I rallied enough to make it through that day and to go to work on Tuesday, the 21st. I still was feeling lousy, but had a lot more energy than I had, which I took as a sign that maybe I was finally past this illness. Later that night, around 11 P M, I was woken up from a sound sleep by the most intense abdominal pain I had ever experienced. It felt like someone had taken a knife and had split my stomach open and the contents were burning my insides. I was terrified. I went through my mental list of people I could call. Nathan’s father was over 70 miles away, as was his grandfather and grandmother. Both of my sisters were quite far from where we live. I thought of my best friend, J.T., who only lived 10 miles away. I was worried that I would wake him up, but I was also starting to panic, as I needed to know someone was going to take care of Nathan.

I called 911, trying not to cry while I was talking to them. I then called J.T., who told me it was very okay to call him at 11:45 pm with an emergency. He said that he would meet us at the hospital in 30 minutes. I can’t even describe how much relief that gave me, knowing that Nathan would be with some one he knew and felt comfortable with.

The ambulance arrived and they were so wonderful with the both of us. Nathan was so brave, as he held my hand as I was wincing in pain. I kept my face as calm as possible, so that he didn’t know how much distress I was truly having. 10 minutes after we arrived, J.T. showed up and I just started weeping. Tears fell down my face as he hugged me and said, “Its okay, Amy. I’m here.”

I discovered that I had been exposed to fresh water bacteria, which my doctor proudly announced that he had never heard of it and had to Google it to find out it was. I took two days to recuperate, which I was in and out of feeling tired and nauseous. They gave me Ciprofloxacin, a strong antibiotic. One of the side effects of the Cipro is sensitivity to the sun. I spent two weeks sympathizing with vampires, as I felt like my flesh was burning off each time I went out into sunlight.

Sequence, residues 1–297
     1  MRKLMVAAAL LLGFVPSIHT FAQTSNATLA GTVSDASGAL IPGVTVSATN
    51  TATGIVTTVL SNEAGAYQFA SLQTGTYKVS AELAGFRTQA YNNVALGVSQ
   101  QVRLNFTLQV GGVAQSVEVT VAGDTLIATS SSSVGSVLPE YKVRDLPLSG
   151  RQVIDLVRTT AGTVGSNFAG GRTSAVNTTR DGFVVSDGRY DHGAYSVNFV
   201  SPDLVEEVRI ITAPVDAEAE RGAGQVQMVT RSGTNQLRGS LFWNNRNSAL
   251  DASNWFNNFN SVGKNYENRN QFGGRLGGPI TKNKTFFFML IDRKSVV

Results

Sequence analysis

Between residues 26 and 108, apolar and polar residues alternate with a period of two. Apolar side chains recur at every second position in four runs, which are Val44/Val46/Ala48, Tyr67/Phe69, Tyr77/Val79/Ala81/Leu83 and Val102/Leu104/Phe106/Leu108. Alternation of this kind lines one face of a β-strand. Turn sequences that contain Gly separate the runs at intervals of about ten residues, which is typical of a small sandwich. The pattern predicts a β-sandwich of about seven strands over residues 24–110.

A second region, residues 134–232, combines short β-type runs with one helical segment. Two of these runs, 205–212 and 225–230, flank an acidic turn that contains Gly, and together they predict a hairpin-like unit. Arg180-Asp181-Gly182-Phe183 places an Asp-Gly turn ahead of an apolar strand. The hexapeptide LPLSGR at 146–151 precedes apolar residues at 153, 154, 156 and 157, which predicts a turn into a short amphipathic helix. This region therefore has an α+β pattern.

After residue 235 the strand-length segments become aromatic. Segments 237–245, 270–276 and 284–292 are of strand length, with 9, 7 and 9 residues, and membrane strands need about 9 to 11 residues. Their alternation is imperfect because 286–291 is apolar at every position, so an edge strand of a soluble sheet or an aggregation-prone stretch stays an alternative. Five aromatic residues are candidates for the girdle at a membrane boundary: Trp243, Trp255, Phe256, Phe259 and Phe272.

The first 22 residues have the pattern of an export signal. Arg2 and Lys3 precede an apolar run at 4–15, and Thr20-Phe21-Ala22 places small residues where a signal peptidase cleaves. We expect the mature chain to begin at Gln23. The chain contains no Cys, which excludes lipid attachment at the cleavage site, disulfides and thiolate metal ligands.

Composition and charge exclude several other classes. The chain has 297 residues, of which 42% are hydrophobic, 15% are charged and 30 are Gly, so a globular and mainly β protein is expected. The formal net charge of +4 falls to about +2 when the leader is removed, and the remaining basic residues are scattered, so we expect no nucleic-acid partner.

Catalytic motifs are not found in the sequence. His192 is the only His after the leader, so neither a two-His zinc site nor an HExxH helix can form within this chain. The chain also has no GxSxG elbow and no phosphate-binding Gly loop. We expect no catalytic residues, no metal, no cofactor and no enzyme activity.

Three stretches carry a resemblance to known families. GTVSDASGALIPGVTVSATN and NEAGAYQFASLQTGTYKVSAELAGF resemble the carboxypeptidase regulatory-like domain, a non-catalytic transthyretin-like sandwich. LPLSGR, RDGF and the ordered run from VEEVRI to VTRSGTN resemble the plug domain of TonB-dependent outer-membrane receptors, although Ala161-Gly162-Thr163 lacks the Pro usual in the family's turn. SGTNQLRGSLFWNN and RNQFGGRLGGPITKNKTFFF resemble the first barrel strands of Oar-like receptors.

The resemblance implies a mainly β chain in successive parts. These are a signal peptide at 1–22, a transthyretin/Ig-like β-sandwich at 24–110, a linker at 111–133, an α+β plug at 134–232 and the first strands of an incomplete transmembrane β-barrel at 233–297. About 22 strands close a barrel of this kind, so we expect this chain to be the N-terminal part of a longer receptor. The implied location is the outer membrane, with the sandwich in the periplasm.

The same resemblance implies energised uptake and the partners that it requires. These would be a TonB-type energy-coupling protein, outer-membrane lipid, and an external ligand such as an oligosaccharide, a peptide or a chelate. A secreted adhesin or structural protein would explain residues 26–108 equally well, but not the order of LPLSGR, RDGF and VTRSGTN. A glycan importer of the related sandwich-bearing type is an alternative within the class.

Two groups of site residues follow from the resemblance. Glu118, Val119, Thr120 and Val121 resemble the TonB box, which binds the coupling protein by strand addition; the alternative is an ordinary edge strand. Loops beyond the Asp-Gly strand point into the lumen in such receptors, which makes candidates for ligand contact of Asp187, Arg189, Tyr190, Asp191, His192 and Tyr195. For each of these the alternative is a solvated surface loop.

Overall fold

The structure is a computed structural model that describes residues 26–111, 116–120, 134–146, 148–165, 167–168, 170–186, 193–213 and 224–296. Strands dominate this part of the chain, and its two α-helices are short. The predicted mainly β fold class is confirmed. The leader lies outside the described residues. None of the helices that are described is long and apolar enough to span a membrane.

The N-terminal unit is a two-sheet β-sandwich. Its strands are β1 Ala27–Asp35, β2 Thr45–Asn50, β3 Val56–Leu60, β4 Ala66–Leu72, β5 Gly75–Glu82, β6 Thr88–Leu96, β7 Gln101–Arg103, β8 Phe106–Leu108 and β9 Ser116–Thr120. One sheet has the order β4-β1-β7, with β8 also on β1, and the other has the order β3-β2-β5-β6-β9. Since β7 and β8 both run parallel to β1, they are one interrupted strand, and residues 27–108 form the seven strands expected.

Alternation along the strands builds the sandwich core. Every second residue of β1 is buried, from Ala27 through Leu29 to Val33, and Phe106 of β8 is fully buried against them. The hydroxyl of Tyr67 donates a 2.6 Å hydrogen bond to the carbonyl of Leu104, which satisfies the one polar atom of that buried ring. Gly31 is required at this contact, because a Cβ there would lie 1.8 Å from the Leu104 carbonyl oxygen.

This experience was one I definitely do not want to have happen in the future. I think if I had been a bit more proactive and had gone to my doctor earlier, even without signs of infection, he would have treated me and I wouldn’t have had to go to the ER. I think as parents we neglect ourselves and focus all of our energies on our children, which is very common. However, if we do not take care of ourselves, we are not the only ones we put in jeopardy. Special needs parents truly have to go above and beyond what is necessary to ensure their good health and well being. Since then, I have made sure that I have more than one person I can call if there is an emergency. I have also taken better care of myself, so that I will minimize the possibility of a repeat performance. I learned my lesson in the hardest way, but have taken steps to ensure that I will be more prepared if it ever (hopefully not!) happens again.


Anonymous said...

This post is so important - so many of us have backup plans for everyone but ourselves. And who will take care of everyone if we don't take care of us? Thanks Amy for the great reminder to create a safety net for me as well as for my whole family.

Patty O. said...

Thanks for sharing your story. I like what you said about how we actually need to be even more vigilant with regards to our well-being so we are healthy enough to care for our kids. I think this applies both to physical and mental health. You also raise a really good point: it is ok to ask for help! Thanks for the reminder to take care of myself!

Tammy said...


I'm having problems e-mailing you (my problem, not yours!) but I have a blog and my son was recently diagnosed with SPD. I'm just in the early stages but I wouldn't mind having people read my blog. Maybe I'll get lucky and the old timers will have some good feedback for me!

My blog is at http://kaleymeister.blogspot.com/



Anonymous said...

@Alysia: You are awesome. Thanks so much for commenting, as always. :)

Anonymous said...

@Patty: It is VERY okay to take care of yourselves and we must remember to give our selves permission to do so. :)
Thanks so much for the comment!

Anonymous said...

@Tammy: You can ping me at my blog name at gmail dot com. Happy to have you email me at anytime.

I'll be sure to check out your blog and know that you are among a wonderful and supportive group of friends. :)